Conversion elements used in radiation imaging apparatuses can be divided into direct and indirect types. A direct conversion element directly converts radiation into electric charges. An indirect conversion element carries out radiation-to-electric charges conversion of radiation such as visible light that has undergone wavelength conversion using a wavelength conversion device such as a scintillator. Examples of direct conversion elements include amorphous selenium, gallium arsenide, gallium phosphate, lead iodide, mercury iodide, CdTe, and CdZnTe. Examples of indirect types include MIS conversion elements and PIN conversion elements. When converting visible light into electric charges, it is common for an amorphous silicon (a-Si) layer to be used as the conversion element.

At the same time, because the radiation imaging apparatus outputs images by digitally converting minute signals, there may be deterioration of the S/N ratio of a captured image if there is even a small amount of noise in the minute signals. In particular, because a bias line connected to a conversion element and a signal line connected to a switching element are prone to becoming noise sources, countermeasures against these kinds of lines had been sought in order to reduce noise.

As a result of dedicated research in noise arising from bias lines and signal lines, the present inventors discovered that noise may be generated if these lines were placed in a specific alignment structure.

SUMMARY OF THE INVENTION

The present invention has been made based on the above findings, and has as its object to suppress noise generated by bias and signal lines.

A first aspect of the present invention relates to a radiation imaging apparatus which has a pixel region arranged on a substrate. Arranged in a matrix pattern in the pixel region are pixels, each pixel having a conversion element which converts radiation into electric charges, and a switching element connected to the conversion element therein. The first aspect also has, outside of the pixel region of the substrate, intersections, each of which is formed by the crossing over of a first line connected to the switching elements and a second line connected to the conversion elements. At each intersection, there is a semiconductor layer arranged between the first line and the second line, and a carrier blocking portion between the semiconductor layer and the first line.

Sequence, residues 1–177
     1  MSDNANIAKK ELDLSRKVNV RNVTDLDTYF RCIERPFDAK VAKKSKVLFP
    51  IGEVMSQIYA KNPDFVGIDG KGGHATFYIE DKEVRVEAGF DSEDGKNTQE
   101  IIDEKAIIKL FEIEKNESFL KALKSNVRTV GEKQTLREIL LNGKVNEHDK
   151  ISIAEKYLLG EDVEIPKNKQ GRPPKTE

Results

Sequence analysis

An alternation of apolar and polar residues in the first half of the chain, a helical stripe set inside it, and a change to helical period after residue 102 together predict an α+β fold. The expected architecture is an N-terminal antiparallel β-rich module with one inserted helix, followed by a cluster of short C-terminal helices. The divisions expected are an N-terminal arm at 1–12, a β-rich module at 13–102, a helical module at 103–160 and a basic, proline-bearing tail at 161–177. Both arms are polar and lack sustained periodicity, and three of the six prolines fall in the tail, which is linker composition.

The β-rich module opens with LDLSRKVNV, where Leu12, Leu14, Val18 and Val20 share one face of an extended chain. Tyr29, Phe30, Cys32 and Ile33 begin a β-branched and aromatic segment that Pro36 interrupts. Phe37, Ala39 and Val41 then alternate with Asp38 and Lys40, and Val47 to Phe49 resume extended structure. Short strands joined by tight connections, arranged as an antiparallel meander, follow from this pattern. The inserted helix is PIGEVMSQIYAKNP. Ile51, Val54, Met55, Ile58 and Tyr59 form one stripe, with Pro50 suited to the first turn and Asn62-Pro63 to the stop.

A second aspect of the present invention is related to a radiation imaging system, and includes the radiation imaging apparatus and a signal-processing unit which processes signals from the radiation imaging apparatus.

Further features of the present invention will become apparent from the following description of exemplary embodiments with reference to the attached drawings.

BRIEF DESCRIPTION OF THE DRAWINGS

FIG. 1 is a plan view showing a radiation imaging apparatus according to a preferred first embodiment of the present invention.

FIG. 2 is a sectional view of FIG. 1 A-A′ showing the radiation imaging apparatus according to the preferred first embodiment of the present invention.

FIG. 3 is a sectional view of FIG. 1 B-B′ showing the radiation imaging apparatus according to the preferred first embodiment of the present invention.

FIG. 4 is a plan view showing the radiation imaging apparatus according to a preferred second embodiment of the present invention.

FIG. 5 is a sectional view of FIG. 4 C-C′ showing the radiation imaging apparatus according to a preferred second embodiment of the present invention.

FIG. 6 is a sectional view of FIG. 4 D-D′ showing the radiation imaging apparatus according to the preferred second embodiment of the present invention.

FIG. 7 is a plan view showing the radiation imaging apparatus according to a preferred third embodiment of the present invention.

FIG. 8 is a sectional view of FIG. 7 E-E′ showing the radiation imaging apparatus according to the preferred third embodiment of the present invention.

FIG. 9 is a sectional view of FIG. 7 F-F′ showing the radiation imaging apparatus according to the preferred third embodiment of the present invention.

FIG. 10 is a schematic view showing an exemplary application of the preferred radiation imaging apparatus to a radiation diagnostic system according to the present invention.

FIG. 11 is an equivalent circuit diagram showing the radiation imaging apparatus.

FIG. 12 is a plan view showing the problems of the radiation imaging apparatus.

FIG. 13 is a sectional view of FIG. 12 G-G′ showing the problems of the radiation imaging apparatus.

FIG. 14 is a sectional view of FIG. 12 H-H′ showing the problems of the radiation imaging apparatus.

FIG. 15 is a sectional view of FIG. 12 I-I′ showing the problems of the radiation imaging apparatus.

FIG. 16A is an energy band diagram showing the depletion state of the radiation imaging apparatus.

FIG. 16B is an energy band diagram showing the conductive state of the radiation imaging apparatus.

FIG. 17A is a diagram showing an energy band diagram explaining the depletion state according to the intersection of the radiation imaging apparatus according to the second and third embodiment of the present invention.